I agree with much of what you say about Ireland, but on some points we differ. I think it desirable that small farms, and small tenancies, should be got rid of, but I do not look upon these, and many other things which might be advantageously corrected in Ireland, as the cause of the evils under which that unfortunate country groans, but as the effect of those evils. If Ireland had a good system of law—if property was secure—if an Englishman lending money to an Irishman could by some easy process oblige him to fulfill his contract, and not be set at defiance by the chicanery of sheriffs agents in Ireland, capital would flow into Ireland, and an accumulation of capital would lead to all the beneficial results which every where follows from it. The most economical processes would be adopted—small farms would be laid into large—there would be an abundant demand for labour, and thus would Ireland take her just rank among nations. The evils of Ireland, I, in my conscience believe, arise from misrule, and I hope that during the administration of Lord Wellesley a commencement will be made in the reformation of the enormous abuses under which that country labours. Hume I believe means to attack the Tithe system of Ireland in the House of Commons. I do not know whether he is sufficiently skilful to meddle with so intricate a subject advantageously, but he will not fail I think to do some good. The oftener that abuses of all kinds are stated and discussed the better; it sets able heads to work, and the people become informed as to their real interests. This reacts on the Government, and thus abuses, even on our present imperfect system, are often finally redressed.
You will have received Mill’s article on Government, which I sent you many days ago. —You will not approve of it, but I think it an excellent article, and well reasoned throughout. Since writing that article he has written two others for the Supplement to the Encyclopedia which are I think both very good—one is on Jurisprudence, the other on the Liberty of the Press. If you cannot conveniently get the Encyclopedia, I can lend you the articles, as I have one copy of each in London, and I think you will like to read them.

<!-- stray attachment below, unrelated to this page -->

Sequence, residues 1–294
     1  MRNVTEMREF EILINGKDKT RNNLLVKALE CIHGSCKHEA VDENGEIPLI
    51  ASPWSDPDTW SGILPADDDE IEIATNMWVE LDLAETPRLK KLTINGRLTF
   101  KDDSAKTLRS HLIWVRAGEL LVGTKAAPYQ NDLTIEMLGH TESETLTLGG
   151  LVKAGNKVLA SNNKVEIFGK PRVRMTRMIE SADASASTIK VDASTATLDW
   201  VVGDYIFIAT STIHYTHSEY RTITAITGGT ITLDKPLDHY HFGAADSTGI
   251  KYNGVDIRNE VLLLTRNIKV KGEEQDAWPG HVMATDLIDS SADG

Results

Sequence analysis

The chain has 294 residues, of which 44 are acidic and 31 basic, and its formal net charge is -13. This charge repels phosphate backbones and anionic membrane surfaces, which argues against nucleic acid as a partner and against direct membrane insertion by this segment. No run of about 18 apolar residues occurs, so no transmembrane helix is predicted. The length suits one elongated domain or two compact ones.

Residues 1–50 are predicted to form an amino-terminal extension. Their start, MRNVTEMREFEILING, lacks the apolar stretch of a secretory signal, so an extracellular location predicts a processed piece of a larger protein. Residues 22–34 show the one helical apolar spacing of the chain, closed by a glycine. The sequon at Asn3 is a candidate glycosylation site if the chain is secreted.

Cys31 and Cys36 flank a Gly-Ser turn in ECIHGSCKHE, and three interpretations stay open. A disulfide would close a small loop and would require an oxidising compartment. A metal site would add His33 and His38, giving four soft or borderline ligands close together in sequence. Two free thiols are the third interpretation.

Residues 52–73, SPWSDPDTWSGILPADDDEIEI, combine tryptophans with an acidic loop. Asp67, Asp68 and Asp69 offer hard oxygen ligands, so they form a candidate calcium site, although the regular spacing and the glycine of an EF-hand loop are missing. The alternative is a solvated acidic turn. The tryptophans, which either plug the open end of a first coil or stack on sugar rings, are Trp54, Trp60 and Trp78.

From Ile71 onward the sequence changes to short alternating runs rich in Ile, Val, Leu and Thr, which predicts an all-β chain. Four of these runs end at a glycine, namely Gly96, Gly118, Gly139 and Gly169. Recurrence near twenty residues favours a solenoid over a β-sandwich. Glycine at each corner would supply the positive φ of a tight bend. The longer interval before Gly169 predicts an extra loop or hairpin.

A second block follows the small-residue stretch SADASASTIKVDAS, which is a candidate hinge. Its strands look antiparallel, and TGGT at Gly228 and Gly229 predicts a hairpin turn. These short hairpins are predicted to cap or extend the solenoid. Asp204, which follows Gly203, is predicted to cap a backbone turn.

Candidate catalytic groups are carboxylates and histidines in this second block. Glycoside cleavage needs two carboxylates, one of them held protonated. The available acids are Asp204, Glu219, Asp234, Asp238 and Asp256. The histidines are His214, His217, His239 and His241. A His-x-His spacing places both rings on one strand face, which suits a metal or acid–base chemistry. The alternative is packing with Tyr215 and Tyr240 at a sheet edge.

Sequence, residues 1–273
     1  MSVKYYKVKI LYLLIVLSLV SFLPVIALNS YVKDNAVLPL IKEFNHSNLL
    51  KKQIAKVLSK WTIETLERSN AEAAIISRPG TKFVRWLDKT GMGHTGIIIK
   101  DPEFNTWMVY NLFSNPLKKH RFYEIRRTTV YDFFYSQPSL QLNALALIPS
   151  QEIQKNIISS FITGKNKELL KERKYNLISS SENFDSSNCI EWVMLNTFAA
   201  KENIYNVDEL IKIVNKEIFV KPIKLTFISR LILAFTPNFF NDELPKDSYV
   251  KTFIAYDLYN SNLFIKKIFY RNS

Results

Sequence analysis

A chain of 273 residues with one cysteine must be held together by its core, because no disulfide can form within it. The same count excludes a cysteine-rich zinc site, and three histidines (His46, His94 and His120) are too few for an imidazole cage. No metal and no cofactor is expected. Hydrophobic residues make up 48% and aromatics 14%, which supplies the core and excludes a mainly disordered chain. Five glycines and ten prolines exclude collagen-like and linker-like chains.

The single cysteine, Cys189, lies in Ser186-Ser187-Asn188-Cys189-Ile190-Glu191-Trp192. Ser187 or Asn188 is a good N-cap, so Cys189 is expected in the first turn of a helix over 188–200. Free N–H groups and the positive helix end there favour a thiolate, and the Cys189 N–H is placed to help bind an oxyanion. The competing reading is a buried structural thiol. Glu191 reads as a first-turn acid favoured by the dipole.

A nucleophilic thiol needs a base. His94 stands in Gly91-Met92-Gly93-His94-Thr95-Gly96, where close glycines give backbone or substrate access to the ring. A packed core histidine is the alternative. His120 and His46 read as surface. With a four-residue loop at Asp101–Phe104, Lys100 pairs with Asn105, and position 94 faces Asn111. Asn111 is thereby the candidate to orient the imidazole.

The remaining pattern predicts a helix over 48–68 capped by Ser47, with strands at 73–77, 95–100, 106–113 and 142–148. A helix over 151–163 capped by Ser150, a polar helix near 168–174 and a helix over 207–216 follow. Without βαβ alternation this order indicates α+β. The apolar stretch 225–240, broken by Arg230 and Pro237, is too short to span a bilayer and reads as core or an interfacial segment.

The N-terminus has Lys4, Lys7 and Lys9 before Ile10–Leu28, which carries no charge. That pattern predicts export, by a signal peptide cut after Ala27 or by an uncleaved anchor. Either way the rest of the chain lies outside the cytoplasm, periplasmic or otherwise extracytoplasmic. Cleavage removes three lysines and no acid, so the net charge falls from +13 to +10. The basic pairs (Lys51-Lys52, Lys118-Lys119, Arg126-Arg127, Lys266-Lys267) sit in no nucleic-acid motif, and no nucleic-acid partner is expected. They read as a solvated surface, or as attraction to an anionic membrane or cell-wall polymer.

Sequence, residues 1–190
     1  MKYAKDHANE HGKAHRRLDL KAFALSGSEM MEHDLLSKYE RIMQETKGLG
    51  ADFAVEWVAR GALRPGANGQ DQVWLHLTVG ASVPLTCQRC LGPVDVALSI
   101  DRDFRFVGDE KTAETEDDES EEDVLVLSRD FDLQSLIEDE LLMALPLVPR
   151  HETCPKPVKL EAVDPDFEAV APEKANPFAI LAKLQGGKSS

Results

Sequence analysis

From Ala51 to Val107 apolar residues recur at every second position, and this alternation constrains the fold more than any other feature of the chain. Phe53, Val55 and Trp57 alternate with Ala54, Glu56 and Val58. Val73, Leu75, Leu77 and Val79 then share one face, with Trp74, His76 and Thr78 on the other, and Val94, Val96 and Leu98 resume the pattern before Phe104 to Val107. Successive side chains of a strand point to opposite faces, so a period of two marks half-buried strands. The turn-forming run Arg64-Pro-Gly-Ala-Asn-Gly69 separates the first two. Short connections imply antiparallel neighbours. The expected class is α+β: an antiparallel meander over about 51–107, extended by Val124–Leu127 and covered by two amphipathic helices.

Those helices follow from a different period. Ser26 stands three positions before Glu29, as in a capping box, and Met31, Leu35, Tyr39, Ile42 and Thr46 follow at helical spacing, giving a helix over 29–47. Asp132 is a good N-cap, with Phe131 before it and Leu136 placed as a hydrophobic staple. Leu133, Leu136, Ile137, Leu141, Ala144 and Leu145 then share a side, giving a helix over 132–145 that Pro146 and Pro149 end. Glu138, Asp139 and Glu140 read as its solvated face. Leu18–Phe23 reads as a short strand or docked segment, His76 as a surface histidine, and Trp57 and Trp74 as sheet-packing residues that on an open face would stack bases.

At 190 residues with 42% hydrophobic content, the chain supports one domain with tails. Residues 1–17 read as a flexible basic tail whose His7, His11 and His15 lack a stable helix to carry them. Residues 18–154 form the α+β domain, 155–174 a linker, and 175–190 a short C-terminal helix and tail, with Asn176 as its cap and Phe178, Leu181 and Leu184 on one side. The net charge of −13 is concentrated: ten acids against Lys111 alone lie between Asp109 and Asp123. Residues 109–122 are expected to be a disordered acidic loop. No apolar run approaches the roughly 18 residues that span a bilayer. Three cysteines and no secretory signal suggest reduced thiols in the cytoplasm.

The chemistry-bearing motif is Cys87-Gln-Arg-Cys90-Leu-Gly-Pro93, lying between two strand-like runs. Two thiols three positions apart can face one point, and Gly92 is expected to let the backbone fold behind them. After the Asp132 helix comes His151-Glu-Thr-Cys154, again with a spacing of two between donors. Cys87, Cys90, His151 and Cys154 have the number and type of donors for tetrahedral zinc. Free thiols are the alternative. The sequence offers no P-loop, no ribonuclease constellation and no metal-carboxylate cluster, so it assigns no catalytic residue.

I am not a good judge of his book on Political Economy, I have thought so much on the subject myself, that I can form a very inadequate idea of the impression which his work is calculated to make on one who is a learner, but I am told by learners that it is very clear, and fully accomplishes the object which he professes to have in view.
I received some months ago a letter from M Say in answer to my last observations on his book, to which I intend very shortly to send him my reply. You will probably like to see both his letter and my answer —I will shew them to you when I see you in London.
The reviews of Godwin’s work both in the Quarterly and Edinburgh were I think very good;—surely in the minds of all reasonable men the principle for which Malthus contends is fully established.
I continue to hear, from time to time, from Mr. MCulloch; he is a zealous advocate for the correct principles of Polit. Economy and is more actively employed in their dissemination than any individual I know. Besides the excellent articles which he writes in the Suppt to the Encyclopedia, in the Edinburgh Review, and the Scotsman, he gives lectures on Polit. Economy in Edinburgh, and contemplates the extending them next year to a general instead of a private class—this is as it should be, notwithstanding the wise observations of Lord John Russell on the little advantages to be derived from a knowledge of this science, in his letter to the Electors of Huntingdon.
Mrs. Ricardo joins with me in kind remembrances to Mrs. Trower. Believe me My dear Trower
Ever most truly yours
I hope we shall see you very soon in London.